Genome survey sequencing of the wine spoilage yeast Dekkera (Brettanomyces) bruxellensis

Woolfit, Megan, Rozpedowska, Elzbieta, Piskur,Jure and Wolfe, Kenneth H. (2007) Genome survey sequencing of the wine spoilage yeast Dekkera (Brettanomyces) bruxellensis. Eukaryotic cell, 6 4: 721-733. doi:10.1128/EC.00338-06


Author Woolfit, Megan
Rozpedowska, Elzbieta
Piskur,Jure
Wolfe, Kenneth H.
Title Genome survey sequencing of the wine spoilage yeast Dekkera (Brettanomyces) bruxellensis
Formatted title
Genome Survey Sequencing of the Wine Spoilage Yeast Dekkera (Brettanomyces) bruxellensis
Journal name Eukaryotic cell   Check publisher's open access policy
ISSN 1535-9778
1535-9786
Publication date 2007-04-01
Sub-type Article (original research)
DOI 10.1128/EC.00338-06
Open Access Status Not Open Access
Volume 6
Issue 4
Start page 721
End page 733
Total pages 13
Place of publication Washington, DC, United States
Publisher American Society for Microbiology
Language eng
Formatted abstract
The hemiascomycete yeast Dekkera bruxellensis, also known as Brettanomyces bruxellensis, is a major cause of wine spoilage worldwide. Wines infected with D. bruxellensis develop distinctive, unpleasant aromas due to volatile phenols produced by this species, which is highly ethanol tolerant and facultatively anaerobic. Despite its importance, however, D. bruxellensis has been poorly genetically characterized until now. We performed genome survey sequencing of a wine strain of D. bruxellensis to obtain 0.4x coverage of the genome. We identified approximately 3,000 genes, whose products averaged 49% amino acid identity to their Saccharomyces cerevisiae orthologs, with similar intron contents. Maximum likelihood phylogenetic analyses suggest that the relationship between D. bruxellensis, S. cerevisiae, and Candida albicans is close to a trichotomy. The estimated rate of chromosomal rearrangement in D. bruxellensis is slower than that calculated for C. albicans, while its rate of amino acid evolution is somewhat higher. The proteome of D. bruxellensis is enriched for transporters and genes involved in nitrogen and lipid metabolism, among other functions, which may reflect adaptations to its low-nutrient, high-ethanol niche. We also identified an adenyl deaminase gene that has high similarity to a gene in bacteria of the Burkholderia cepacia species complex and appears to be the result of horizontal gene transfer. These data provide a resource for further analyses of the population genetics and evolution of D. bruxellensis and of the genetic bases of its physiological capabilities.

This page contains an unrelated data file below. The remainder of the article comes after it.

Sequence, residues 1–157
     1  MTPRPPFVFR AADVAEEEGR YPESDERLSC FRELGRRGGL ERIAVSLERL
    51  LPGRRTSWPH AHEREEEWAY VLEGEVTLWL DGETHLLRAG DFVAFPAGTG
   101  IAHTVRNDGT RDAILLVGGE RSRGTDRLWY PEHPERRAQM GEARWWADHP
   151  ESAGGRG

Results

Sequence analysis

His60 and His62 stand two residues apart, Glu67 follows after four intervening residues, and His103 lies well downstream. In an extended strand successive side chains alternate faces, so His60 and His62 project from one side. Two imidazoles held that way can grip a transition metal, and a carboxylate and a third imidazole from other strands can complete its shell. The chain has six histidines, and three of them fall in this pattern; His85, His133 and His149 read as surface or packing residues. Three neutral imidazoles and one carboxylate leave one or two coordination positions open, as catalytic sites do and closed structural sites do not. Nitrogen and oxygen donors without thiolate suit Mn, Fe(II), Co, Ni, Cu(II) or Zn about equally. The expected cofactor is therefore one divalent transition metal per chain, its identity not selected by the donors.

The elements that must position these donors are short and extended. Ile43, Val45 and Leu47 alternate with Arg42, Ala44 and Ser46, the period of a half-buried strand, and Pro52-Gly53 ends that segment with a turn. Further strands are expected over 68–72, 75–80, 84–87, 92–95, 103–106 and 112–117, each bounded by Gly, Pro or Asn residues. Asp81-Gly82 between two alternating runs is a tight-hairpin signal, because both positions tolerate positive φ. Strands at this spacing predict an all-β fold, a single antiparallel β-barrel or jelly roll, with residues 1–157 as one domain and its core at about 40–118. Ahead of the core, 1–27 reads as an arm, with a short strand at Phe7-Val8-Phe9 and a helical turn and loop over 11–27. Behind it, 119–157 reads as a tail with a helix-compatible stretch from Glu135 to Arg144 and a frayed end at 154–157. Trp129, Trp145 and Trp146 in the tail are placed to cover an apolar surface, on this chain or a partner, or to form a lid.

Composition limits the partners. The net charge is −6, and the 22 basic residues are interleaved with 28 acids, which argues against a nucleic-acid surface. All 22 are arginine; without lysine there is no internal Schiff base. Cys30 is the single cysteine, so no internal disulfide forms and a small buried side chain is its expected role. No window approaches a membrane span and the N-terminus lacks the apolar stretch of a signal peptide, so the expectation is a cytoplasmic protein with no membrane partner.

Q-Index Code C1

Document type: Journal Article
Sub-type: Article (original research)
Collections: Excellence in Research Australia (ERA) - Collection
School of Biological Sciences Publications
 
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Created: Sat, 20 Dec 2008, 01:52:25 EST by Diana Guillemin on behalf of School of Biological Sciences